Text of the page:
Ireland climbing the innovation performance table

Investment is targeted in areas of greater returns such as ICT networks and agri-food.

The fund supports strategic, smart investments and is underpinned by a guarantee from the EU budget. In Ireland, it has already supported the planned 14 new primary health care centres, improvements to drinking water and wind farms off the west coast.

By focusing on removing obstacles to investment, making smarter use of new and existing financial resources, the fund offers new opportunities to fund innovative projects in addition to what’s available under Horizon 2020, the €80 billion EU research and innovation programme.

Already Ireland has an excellent track record in attracting EU funding for science, research and innovation. It ranks with the top performers in attracting funding from the European Research Council, with 70 projects funded. Irish SMEs had the highest success rate at 20 per cent in the first wave of Horizon 2020 grants under the SME Instrument, which is worth €3 billion.

We very much expect that Ireland will continue to be one of the top performers in attracting EU R&D funding.

Horizon 2020 is now much more focused in getting ideas from the lab to market and on generating genuine economic and social impact.

In concrete terms, this means more funding for prototyping, demonstrators, piloting with users, and on providing equity and loans to help give start-ups and high- growth innovative firms the kick-start they need. Ireland with its entrepreneurial spirit is well-placed to benefit from this new emphasis.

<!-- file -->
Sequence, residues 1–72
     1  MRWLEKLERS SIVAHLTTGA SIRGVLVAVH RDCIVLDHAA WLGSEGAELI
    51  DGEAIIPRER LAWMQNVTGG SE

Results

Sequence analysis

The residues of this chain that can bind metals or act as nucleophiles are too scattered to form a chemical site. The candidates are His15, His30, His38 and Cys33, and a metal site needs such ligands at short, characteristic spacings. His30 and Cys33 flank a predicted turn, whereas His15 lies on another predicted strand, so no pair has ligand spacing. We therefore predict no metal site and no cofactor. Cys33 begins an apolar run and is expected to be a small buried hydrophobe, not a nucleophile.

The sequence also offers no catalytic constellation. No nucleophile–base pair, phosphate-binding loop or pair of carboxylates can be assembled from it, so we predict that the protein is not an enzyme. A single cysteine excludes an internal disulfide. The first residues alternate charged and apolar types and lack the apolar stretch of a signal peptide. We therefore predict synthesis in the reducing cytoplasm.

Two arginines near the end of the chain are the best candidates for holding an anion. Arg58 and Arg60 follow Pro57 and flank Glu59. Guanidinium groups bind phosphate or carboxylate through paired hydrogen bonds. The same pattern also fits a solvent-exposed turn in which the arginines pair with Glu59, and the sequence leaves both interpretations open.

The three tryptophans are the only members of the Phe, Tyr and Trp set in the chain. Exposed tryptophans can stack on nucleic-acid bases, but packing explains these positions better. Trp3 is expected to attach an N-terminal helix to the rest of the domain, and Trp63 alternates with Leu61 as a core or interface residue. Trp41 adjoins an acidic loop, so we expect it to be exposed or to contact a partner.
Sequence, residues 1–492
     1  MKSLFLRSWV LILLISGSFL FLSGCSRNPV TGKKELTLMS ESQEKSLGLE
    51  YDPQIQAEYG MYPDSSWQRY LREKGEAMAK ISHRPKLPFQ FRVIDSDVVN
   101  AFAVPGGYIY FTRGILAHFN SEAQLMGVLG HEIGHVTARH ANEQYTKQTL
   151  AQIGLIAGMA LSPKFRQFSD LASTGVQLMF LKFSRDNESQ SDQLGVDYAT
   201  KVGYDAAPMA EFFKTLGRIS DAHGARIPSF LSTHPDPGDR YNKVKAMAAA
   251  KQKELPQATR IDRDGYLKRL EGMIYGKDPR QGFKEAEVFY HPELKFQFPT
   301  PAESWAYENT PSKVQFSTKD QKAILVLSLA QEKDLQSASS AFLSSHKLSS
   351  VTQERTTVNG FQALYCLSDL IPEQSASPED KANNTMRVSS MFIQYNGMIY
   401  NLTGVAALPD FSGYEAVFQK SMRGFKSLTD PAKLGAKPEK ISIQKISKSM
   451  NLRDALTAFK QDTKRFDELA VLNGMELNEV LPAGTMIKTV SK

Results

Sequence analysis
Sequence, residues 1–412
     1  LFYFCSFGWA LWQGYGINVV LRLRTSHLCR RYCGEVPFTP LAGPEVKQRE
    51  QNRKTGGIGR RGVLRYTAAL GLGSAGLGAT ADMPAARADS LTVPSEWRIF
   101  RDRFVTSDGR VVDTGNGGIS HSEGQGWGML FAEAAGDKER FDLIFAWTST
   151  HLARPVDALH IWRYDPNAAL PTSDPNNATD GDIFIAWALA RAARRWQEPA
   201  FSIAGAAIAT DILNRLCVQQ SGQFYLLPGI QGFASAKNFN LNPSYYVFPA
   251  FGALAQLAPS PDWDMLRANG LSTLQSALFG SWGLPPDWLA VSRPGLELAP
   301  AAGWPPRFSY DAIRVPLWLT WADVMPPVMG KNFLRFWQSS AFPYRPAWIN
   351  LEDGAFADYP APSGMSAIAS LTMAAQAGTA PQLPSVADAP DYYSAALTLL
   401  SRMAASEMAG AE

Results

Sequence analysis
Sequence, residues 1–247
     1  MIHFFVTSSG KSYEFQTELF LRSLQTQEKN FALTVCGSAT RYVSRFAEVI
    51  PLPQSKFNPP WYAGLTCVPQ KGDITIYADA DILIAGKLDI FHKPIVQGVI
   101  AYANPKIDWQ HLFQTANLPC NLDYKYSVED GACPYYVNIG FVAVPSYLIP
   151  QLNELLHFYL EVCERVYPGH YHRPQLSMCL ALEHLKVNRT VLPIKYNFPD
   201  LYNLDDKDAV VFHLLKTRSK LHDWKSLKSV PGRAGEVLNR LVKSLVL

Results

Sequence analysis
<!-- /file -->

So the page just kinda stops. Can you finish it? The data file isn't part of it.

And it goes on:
As well as benefiting from EU funds, being part of the European Research Area means Ireland can contribute significantly to global research and development.

Irish universities, institutes of technology and companies have enthusiastically taken part in important international research teams and this will continue apace using all the funding instruments available.

Political consensus now exists across Europe on the vital role that innovation will play in building Europe’s future and Ireland is an important player on the European scene. By using our combined resources effectively at Union, member state, regional or local levels, I believe we can look to the future with confidence.

Barbara Nolan is head of the European Commission Representation in Ireland


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  • The Department for Agriculture Food and the Marine
  • The Environmental Protection Agency Ireland
  • Health Research Board
  • Higher Education Authority
  • Irish Research Council
  •  Irish Universities Association
  • The Marine Institute
  • Science Foundation Ireland (SFI
  • The Sustainable Energy Authority of Ireland

Horizon 2020 national support network led by Enterprise Ireland